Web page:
Fresno pasta maker Fiore Di Pasta is following the demand for gluten-free products as it expands its facility on Jensen Avenue. The company has been churning out pasta products like tortellinis, ravioli, manicotti, entrees and even sauces for the last 15 years from its nearly 23,000 square-foot processing plant at 4776 Jensen Ave. in southeast Fresno Now, Fiore Di Pasta is preparing for the future with a new 36,000 square-foot building being built by Valley Steel Construction of Fresno on the north side of its 4 1/2-acre property. When expansion is finished in early November, co-owner Anthony Primavera said he plans to use around two-thirds of the space for cold storage, consolidating everything the company is currently renting out at U.S. Cold Storage nearby or coming from its former facility on Church and Orange avenues that Fiore Di Pasta sold to Pressed Juicery in May. Another 10,000 to 15,000 square feet will be used for more manufacturing, he said, facilitating future growth and possibly making way for gluten free products. “There's a good demand for it,” Primavera said. “We do make some and we have a lot of requests for it.” Another part of the company’s growth is the launch of its own label dubbed Primavera Fine Foods that’s expected to come on line in the next few months. In addition to making products for private labels as the company’s done for years, Primavera is hoping the new name will finally put Fiore Di Pasta’s image out there, with plans to hit all the major retailers starting with West Coast stores.   “We’re also in the process of opening a retail store front (on Jensen Avenue),” Primavera said. He added that the expansion may also provide more job opportunities at the facility beyond the 60 to 70 workers there during peak season. Before Fiore Di Pasta, Primavera’s parents, Panfilo and Benedetta Primavera, founded Fresno Ravioli with business partners in 1979 using the traditions of their native lands of Abruzzo, Italy. In 1994, with the help of his wife and sons, Panfilo established Fiore Di Pasta—meaning “the best of pasta” in Italian—beginning with another facility on Marks and Dakota avenues. Although Panfilo passed away earlier this year at the age of 72, the company continues to grow under Anthony and his brother to now producing more than five millions pounds of pasta products each year.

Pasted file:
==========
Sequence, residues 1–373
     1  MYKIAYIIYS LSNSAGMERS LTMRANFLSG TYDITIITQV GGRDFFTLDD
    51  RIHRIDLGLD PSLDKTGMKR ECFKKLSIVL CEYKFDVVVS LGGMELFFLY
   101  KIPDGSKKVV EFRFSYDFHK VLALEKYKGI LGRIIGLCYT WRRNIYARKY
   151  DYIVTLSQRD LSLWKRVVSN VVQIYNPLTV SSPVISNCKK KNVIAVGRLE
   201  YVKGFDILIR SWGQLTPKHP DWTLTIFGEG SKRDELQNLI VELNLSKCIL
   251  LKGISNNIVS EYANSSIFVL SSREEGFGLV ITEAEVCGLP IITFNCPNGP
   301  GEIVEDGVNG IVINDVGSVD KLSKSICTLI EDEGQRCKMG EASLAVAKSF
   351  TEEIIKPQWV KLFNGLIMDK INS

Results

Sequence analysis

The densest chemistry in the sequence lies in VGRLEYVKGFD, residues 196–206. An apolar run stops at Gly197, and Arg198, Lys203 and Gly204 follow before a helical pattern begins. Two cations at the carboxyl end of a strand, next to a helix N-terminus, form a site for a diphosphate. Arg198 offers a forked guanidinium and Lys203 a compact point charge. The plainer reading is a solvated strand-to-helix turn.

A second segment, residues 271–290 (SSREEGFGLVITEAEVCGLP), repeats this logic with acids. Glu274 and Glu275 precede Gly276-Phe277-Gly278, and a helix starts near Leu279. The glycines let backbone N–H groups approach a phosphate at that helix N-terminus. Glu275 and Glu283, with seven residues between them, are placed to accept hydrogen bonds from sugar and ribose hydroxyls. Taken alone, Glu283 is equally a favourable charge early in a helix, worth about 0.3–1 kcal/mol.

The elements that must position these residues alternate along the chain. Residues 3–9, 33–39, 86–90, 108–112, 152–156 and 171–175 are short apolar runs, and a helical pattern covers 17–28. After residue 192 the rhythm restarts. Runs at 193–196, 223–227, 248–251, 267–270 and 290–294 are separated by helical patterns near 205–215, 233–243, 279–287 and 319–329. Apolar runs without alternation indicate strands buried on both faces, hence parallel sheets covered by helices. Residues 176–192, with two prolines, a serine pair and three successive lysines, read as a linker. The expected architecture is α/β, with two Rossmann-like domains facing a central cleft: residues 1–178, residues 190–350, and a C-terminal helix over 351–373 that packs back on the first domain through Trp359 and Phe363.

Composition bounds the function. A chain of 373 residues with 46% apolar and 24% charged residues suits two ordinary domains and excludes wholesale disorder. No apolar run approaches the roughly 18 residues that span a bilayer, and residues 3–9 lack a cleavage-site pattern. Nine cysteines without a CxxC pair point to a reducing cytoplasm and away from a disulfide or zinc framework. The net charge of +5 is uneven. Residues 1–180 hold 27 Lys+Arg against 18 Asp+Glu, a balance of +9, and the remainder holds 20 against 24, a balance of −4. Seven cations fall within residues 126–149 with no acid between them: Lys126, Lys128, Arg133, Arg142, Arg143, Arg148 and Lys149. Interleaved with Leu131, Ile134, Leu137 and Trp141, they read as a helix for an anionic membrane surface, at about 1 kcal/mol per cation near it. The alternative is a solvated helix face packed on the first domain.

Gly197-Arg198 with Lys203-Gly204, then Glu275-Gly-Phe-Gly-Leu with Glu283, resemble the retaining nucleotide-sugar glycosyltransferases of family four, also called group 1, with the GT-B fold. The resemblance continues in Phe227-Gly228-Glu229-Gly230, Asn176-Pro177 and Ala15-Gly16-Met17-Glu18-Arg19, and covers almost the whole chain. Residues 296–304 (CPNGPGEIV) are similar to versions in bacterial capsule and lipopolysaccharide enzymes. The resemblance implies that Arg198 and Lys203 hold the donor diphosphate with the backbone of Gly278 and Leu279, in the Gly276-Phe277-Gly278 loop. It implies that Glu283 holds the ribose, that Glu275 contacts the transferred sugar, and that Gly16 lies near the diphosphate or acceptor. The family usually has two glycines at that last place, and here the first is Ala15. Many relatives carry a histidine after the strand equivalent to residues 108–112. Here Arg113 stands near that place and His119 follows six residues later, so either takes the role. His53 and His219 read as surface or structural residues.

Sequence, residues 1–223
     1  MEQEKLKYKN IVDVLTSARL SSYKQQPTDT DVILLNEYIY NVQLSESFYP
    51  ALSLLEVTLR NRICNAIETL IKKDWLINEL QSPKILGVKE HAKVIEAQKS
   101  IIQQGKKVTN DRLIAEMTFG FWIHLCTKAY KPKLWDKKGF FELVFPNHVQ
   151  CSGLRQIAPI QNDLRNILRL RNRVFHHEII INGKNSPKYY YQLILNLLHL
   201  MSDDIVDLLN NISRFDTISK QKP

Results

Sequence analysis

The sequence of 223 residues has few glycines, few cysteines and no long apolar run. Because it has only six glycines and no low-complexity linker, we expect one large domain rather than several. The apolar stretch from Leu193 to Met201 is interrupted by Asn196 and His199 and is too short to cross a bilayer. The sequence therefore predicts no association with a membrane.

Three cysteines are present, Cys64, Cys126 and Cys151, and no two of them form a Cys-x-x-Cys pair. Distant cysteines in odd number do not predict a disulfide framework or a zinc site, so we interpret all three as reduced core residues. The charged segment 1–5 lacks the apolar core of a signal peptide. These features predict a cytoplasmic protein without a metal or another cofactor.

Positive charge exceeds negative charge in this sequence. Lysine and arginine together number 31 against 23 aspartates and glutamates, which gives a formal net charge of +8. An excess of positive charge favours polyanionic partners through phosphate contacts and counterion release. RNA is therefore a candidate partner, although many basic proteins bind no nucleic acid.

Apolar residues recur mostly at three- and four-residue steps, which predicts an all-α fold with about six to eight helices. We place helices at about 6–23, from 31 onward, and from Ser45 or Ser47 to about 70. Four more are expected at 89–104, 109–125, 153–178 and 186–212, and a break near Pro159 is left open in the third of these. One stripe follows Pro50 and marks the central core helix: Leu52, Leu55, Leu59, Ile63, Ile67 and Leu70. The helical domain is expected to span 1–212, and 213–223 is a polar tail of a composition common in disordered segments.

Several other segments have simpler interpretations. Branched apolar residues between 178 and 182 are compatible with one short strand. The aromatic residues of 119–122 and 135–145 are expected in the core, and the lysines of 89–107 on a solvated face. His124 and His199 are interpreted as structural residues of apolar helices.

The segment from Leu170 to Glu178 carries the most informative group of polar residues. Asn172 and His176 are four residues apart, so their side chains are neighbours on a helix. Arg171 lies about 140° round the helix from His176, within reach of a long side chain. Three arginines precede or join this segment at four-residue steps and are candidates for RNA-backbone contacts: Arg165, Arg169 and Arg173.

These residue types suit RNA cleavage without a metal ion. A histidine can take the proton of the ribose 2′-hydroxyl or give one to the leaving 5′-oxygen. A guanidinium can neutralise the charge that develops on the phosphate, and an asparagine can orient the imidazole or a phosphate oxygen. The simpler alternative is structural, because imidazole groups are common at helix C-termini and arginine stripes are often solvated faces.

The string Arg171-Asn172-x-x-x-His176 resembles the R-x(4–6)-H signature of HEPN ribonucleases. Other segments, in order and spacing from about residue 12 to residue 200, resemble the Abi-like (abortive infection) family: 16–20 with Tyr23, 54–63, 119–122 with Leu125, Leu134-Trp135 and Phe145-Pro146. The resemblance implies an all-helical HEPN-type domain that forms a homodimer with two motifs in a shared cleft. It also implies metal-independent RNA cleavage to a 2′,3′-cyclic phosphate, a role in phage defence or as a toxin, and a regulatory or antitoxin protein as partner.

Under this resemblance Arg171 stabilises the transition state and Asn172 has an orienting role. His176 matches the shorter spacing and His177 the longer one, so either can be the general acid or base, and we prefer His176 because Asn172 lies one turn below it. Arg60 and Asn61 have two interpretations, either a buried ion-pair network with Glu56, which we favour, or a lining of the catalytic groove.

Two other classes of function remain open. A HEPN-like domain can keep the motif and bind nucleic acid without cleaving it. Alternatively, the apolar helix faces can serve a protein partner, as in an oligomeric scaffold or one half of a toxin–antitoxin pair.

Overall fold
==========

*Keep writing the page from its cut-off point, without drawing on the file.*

Written on 09/17/2014, 11:28 am by Business Journal staff
Several Valley lawmakers were honored by the National Federation of Independent Business (NFIB) for their voting record on behalf of America's small business owners.Based on the voting records in its "How Congress Voted" report card unveiled this week, the NFIB will present its Guardian of Small Business Award to 232 representatives of the 113th Congress. Those who voted favorably on 15 key small business issues at least 70 percent of the time were eligible for the award. Among them were Rep. Devin Nunes (R-Tulare) who voted with the NFIB 100 percent of the time. Rep. David Valadao (R-Hanford), and Rep. Kevin McCarthy (R-Bakersfield) and Rep. Tom McClintock (R-Granite Bay) also scored 100 percent in the NFIB's rankings. Rep. Jim Costa (D-Fresno) didn't make the cut, however, only voting with the NFIB 44 percent of the time. In preparing its report card, the NFIB considered votes on key House and Senate legislation, including America’s Small Business Tax Relief Act of 2014 (H.R. 4457), Preventing Greater Uncertainty in Labor-Management Relations Act (H.R. 1120), Lawsuit Abuse Reduction Act of 2013 (H.R. 2655), Minimum Wage Increase (S. 2223) and Prevention of Taxing Carbon Emissions Amendment (S.Amdt. 261). "Small-business owners are very politically active—paying close attention to how their lawmakers vote on key business issues and stand by those who stand for them," said NFIB President and CEO Dan Danner.